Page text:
http://www.youtube.com/watch?v=GVNia4A9BTM&feature=endscreen&NR=1

    Tennisplayer.net analysis.
    Roger Federer and the Evolution of the Modern Forehand
    http://www.tennisplayer.net/public/...ution_modern_forehand_part1.html?format=print

    Roger Federer Forehand Analysis Part 2, Florian Meier
    http://www.youtube.com/watch?v=_pNeRkJdoWU

    It does look as if the forearm-racket might stay at a slowly changing angle through impact on many high level forehands. I should correct my earlier reply.

    Good issue to research and what to do with the wrist around impact is important. Also, how much variety is there in high level forehands?
     
    Last edited: Dec 14, 2013
    #89
  40. Topspin Shot

    Topspin Shot Legend

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    ^^^There is plenty of variety in biomechanics, much less variety in swing path. A lot of the biomechanics is grip and balance dependent, so it's very hard to tell exactly which joints are doing what. This is why coaches (at least while teaching players, not while learning for themselves) sometimes ignore the biomechanics and focus on the swing path, stepping in to correct biomechanics when something is egregiously wrong.
     
    Last edited: Dec 14, 2013
    #90
  41. gameboy

    gameboy Hall of Fame

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    That may be the most ignorant thing I have read on this forum (and there are a LOT of ignorant things said around here).

    Just because things are done certain way, no new things should be discussed? Not on an INTERNET FORUM??

    Are you using a dial-up modem on AOL to post this?
     
    #91
  42. gameboy

    gameboy Hall of Fame

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    The wrist release is involved in almost every athletic activity involved in throwing or hitting. To suggest that tennis is somehow immune to this is to ignore reality.
     
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  43. arche3

    arche3 Banned

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    So your advocating discussions of blueberry muffin recipes to make yourself a better tennis player then. Which is basically what your saying.
    Lamo. Just go play some tennis. Better yet. Go play and film it for the rest of us. There are hundreds of videos of people trained the traditional way on YouTube playing awesome tennis. Show me one player trained from your overly complex biomechanics study that can actually play.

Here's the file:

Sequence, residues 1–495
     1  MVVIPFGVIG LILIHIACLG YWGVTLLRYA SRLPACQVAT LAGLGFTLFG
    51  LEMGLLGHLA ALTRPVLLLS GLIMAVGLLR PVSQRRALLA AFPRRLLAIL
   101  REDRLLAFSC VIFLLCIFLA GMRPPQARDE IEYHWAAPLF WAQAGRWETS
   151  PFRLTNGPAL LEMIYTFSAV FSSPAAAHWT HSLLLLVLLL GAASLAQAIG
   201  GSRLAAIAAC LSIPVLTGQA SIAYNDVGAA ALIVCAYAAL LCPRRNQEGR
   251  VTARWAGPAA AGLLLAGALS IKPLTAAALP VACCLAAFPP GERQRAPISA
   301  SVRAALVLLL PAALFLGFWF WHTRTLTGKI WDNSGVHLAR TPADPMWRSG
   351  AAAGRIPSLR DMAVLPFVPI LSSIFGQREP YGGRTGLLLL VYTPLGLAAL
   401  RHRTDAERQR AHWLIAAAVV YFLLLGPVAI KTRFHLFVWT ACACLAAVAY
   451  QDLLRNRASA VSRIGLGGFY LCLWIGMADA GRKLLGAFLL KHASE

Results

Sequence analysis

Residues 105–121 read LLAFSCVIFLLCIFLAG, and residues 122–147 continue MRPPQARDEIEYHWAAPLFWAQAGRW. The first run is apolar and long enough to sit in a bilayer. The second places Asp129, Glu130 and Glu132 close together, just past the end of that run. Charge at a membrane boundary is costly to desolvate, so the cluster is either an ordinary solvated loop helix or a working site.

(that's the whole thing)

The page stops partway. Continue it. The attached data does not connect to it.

There is a video of the djoker saying to serve great you need to snap the wrist. End of story. Not you need ulvar deviation and 15 degrees of wrist flexion with supported reflection of the band of interior stretches of quad muscles.

    Get real.

    I have 150/65, fios. Lamo.
     
    #93
  44. dominikk1985

    dominikk1985 Legend

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    may coach when I learned tennis told me to have a relaxed wrist during the takeback and most of the swing and lock it just for contact for a split second.

    not sure if that is really possible or making sense but Í think it is a good cue because it avoids cramping the hand but also prevents "wrist flicking". keep in mind that was more than a decade ago when using wrist was still a big no-no in tennis (exept serve). now it seems to be more accepted but I think being really wristy and flop the wrist all over the place is still bad,
     
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  45. Topspin Shot

    Topspin Shot Legend

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    The general consensus nowadays is that the wrist plays a somewhat active role in the forehand, but more to control the swing than to power it. You use the whole body and the kinetic chain to generate all the power, and you employ the right amount of flexion and radial deviation through the hitting zone to maintain a consistent face of the racket. So your wrist is loose and consciously moved to a certain extent, but you do not snap your wrist any more than you snap any other part of your body. Does this make sense?
     
    #95
  46. watungga

    watungga Semi-Pro

    Joined:
    Nov 7, 2011
    Messages:
    594

    That is to put your focus away from thinking about the wrist.

    When the racquet hits the ball, freeze it. You'll see the racquet is in front of you. You'll see the line of racquet is parallel to the baseline (for DTL) and a bit inclined relative to baseline for crosscourt returns. That frozen part is where you should deliver the racquet from point a (the takeback) and onto point b (the freeze part).

    Deliver - was my chosen word for swinging from back to front.
     
    #96
  47. Chas Tennis

    Chas Tennis Hall of Fame

    Joined:
    Feb 17, 2011
    Messages:
    4,388
    Location:
    Baltimore, MD
    Basic, Low Cost, High Speed Video Camera for Tennis Stroke Analysis

    Now on sale for under $97 this high speed video camera has a frame rate of 240 fps and a fast shutter speed = small motion blur when used in direct sunlight with the widest angle zoom setting.

    http://shop.usa.canon.com/shop/en/catalog/powershot-elph-110-hs-red-refurbished

    details in
    http://tt.tennis-warehouse.com/showthread.php?t=484212&highlight=black+friday+camera
     
    #97